Team principals: Stefano Domenicali (Ferrari), Norbert Haug (Mercedes), Sam Michael (Williams), Mario Theissen (BMW Sauber)

Questions from the floor

Q: (Joris Fioriti - AFP)
Mario, can you confirm right now that Ferrari will be the engine supplier next year?

Mario Theissen:
We have been talking to Ferrari and we have got a very positive response from Ferrari but apparently the first thing that we need is a place on the grid.

Q: (Joris Fioriti - AFP)
If you have a place then you will have a Ferrari engine?

That would be our favourite option.

Q: (Joris Fioriti - AFP)
Question to all: Brawn GP were the fastest in the first session and then Red Bull were fastest in the second. Does it mean that it is going to be a Red Bull-Brawn GP fight like at the beginning of the season?

No idea, let's see tomorrow.

Stefano Domenicali:
We will see on Sunday. In my view we need to be pragmatic. I think that not only Red Bull and Brawn have done a step. I think McLaren have done a step. We must not forget that Force India did a big step in the last races. Williams has done a step. As Mario said everyone has done a step, so I think this race we need to be very careful but for sure it will be a tough race between the first teams.

Norbert Haug:
Well, we are certainly working on it that it is not a Brawn and Red Bull race here. We try to interfere but I am not sure if we can do it. I am quite convinced that not everybody in the top five was using the same amount of fuel, so things may change tomorrow. But of course they are strong and as Stefano pointed out other people have made steps as well and if you get your act together there may even be some surprises. I think there are probably five teams in a position, depending on the strategy, to fight for pole position which is very possible for Formula One.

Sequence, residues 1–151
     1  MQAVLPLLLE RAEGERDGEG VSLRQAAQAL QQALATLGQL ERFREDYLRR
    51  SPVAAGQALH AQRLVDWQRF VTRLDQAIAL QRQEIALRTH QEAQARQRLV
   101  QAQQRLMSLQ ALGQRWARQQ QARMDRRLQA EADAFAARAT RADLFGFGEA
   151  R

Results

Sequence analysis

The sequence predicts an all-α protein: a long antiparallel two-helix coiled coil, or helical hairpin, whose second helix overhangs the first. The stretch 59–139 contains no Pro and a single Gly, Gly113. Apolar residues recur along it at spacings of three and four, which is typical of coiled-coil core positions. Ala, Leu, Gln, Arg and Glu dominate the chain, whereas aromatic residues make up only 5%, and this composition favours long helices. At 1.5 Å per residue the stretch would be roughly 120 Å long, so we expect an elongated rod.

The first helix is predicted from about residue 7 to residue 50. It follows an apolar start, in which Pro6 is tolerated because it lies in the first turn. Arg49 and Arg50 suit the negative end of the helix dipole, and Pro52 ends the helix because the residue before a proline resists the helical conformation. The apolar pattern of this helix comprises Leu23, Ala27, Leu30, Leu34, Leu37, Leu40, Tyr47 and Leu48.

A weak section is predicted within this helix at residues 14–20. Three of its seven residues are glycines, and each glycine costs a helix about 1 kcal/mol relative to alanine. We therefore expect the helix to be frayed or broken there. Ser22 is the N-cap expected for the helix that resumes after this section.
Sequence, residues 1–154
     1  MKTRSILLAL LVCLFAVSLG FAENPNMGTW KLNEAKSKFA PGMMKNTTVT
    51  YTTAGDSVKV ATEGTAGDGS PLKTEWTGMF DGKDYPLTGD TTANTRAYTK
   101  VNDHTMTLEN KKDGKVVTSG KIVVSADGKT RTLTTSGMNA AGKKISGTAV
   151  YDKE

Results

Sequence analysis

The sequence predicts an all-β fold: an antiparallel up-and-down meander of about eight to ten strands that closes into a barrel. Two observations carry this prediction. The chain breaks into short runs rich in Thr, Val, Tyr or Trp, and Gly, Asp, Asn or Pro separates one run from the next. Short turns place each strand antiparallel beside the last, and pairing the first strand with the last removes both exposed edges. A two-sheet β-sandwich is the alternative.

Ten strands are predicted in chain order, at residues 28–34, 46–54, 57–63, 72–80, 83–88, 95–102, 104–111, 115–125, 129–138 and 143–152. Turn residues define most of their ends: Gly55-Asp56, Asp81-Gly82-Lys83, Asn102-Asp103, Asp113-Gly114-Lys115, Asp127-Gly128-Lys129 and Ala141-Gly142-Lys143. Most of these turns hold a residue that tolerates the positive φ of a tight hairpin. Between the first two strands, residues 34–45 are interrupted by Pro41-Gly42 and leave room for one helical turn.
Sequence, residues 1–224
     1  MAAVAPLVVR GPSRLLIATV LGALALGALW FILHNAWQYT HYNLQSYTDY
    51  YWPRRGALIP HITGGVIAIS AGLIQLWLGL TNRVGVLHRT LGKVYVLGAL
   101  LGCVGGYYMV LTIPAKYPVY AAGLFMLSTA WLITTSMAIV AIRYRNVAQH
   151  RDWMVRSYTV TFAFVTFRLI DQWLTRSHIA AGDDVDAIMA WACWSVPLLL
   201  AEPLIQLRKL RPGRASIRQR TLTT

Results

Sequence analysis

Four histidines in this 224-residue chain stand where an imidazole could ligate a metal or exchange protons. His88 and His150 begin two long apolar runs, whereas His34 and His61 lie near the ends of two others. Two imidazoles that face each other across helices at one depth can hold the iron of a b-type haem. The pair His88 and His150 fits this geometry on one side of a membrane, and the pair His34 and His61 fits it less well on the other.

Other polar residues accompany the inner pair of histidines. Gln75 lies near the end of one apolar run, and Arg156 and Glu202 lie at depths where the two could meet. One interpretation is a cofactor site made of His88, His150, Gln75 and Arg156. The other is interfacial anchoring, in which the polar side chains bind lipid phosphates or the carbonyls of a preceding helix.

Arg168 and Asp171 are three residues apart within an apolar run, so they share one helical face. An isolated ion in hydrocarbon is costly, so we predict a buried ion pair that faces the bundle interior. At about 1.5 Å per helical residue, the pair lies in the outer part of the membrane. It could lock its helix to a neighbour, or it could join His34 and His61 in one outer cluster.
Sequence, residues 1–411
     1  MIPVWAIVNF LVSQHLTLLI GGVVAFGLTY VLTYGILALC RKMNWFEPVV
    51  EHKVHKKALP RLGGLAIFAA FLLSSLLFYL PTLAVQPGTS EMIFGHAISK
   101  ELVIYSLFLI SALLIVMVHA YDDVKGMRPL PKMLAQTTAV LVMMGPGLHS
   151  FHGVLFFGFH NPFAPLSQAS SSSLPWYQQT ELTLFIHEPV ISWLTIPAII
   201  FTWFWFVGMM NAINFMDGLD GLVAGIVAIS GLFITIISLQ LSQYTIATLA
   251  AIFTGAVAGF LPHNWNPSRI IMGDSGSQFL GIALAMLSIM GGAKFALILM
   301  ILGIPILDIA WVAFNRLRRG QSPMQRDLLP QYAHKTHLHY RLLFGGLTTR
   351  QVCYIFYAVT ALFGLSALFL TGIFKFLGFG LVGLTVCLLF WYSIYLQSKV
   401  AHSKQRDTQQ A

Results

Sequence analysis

Q: (Joris Fioriti - AFP)
Which are the five teams?

I think it needs to be kept open until tomorrow but I think your opinion is not much different to mine. Whether it is four or six I don't know, but it is a handful at least.

Q: (Peter Haab - Motorsport Aktuell)
Can you give us some information on Felipe Massa's progress?

With pleasure. Felipe is recovering quite well. He has started a training programme in terms of fitness and again starting his preparation. The next step will be to start a programme on the simulator and then the programme will be to do some kart running. And as soon as these things are fine, then we will decide when to put him back in a proper racing car.

Q: (Dan Knutson - National Speed Sport News)
A question to all four of you: given that FOTA is all about unity and co-operation, given that some elements in this paddock would like nothing better than to divide and conquer, what do you guys think about Williams going against the grain and running KERS next year?

Sam Michael:
One thing to be clear on: Williams have always said that we supported KERS, the concept of it, the ability to help Formula One with sustainability and the environment. We haven't stopped the development of KERS and we never did do that, just like the other teams didn't. I think at the moment we are discussing with FOTA the potential for an agreement not to run KERS next year. We are in the middle of that, in terms of days, so it would be wrong for us to come out and say that we are going to race KERS next year. In fact we never said that. In any statements, if you read carefully what we said was... at no point did we say we were going to race KERS, we just said we would continue developing it. I think if you ask most of the people who have KERS, they're doing the same thing. So it's quite different to say that we're going against the grain of FOTA. We are in FOTA, we've only had one meeting in FOTA since we rejoined, so that is in the middle of process at the moment. I think it's wrong to say that Williams are going against the grain of FOTA, especially at this time when we are talking to FOTA about exactly this point.

Q: (Tetsuo Tsugawa - Tetsu Enterprise)